As you heard the secretary, he is not so much looking for our allies to sort of match our troop commitment, although that would certainly be nice. I think he's looking for them to backfill when the Marines leave come the end of this year. But we're trying to alleviate at least some of the shortage in the South with the additional Marines, and we're trying to make sure that all those fighters who are there are trained for counterinsurgency. And that's why he's been publicly urging and privately urging the other nations that are contributing to RC South to make sure the forces they send are up to speed on COIN.
Q     But I mean it's been pretty unstable in the South so far. How much of that does he think is a factor of this lack of counterinsurgency training. Like, how much does he attribute --
MR. MORRELL: Well, I think, Nancy, it's probably a combination of a number of factors. It's a very difficult part of the country. I mean, that is -- it has been a stronghold of the Taliban. It has been the largest opium -- poppy-producing region of the nation. You have a very difficult terrain there. It had been to some degree neglected initially. And so the combination of factors obviously make it a difficult place to operate.
And the secretary appreciates how tough our allies who are in RC South have it. That said, we can do things which can increase our capabilities for success. Among those things is making sure the people we send there are trained in counterinsurgency.
Okay, a couple more and then I got to run. Sorry. Andrew. Yes?
Q     Just to follow on, a NATO question. Does the secretary expect General Craddock to serve the standard three-year term as Supreme Allied Commander Europe?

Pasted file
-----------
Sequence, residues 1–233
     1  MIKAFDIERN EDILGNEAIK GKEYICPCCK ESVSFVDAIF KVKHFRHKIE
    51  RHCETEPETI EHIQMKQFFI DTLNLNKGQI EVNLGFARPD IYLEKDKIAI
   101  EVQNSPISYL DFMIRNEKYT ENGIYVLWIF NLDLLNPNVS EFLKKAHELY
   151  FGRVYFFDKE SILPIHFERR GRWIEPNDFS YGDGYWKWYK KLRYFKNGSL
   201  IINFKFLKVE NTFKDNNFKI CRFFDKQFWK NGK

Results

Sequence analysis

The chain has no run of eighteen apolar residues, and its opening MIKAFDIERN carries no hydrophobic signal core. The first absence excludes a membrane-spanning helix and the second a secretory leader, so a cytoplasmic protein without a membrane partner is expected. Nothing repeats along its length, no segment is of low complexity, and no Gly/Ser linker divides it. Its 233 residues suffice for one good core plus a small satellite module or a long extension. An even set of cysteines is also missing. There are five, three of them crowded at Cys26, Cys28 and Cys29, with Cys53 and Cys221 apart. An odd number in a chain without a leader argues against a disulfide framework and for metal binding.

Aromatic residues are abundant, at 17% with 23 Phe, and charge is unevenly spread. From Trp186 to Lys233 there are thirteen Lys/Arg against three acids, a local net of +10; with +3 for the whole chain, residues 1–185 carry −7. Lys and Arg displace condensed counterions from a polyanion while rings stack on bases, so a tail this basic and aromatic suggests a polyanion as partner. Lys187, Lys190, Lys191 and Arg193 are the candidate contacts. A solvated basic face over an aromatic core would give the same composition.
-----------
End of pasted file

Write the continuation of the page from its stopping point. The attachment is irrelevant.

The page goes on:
MR. MORRELL: I think I've said before from up here, and I understand where the question comes from, but Andrew, I'm really not going to get sucked into personnel matters prior to the point where we have something official to announce. As it stands right now, the secretary is very pleased with the leadership that's being provided by General Craddock in his current role. He's very pleased, obviously, with the leadership that's being provided by General Petraeus in his current role. And until the secretary recommends to the president otherwise and the president approves otherwise, those two commanders will continue in the roles that they now have. But he greatly respects them both and appreciates their service.
Q     Is it fair to say there are deliberations going on about their future role at the moment?
MR. MORRELL: Well, I mean, this building has made contingency plans for virtually everything in the world. It would be neglectful of us if we didn't think long term about how our commanders should be functioning and where they are best utilized and when.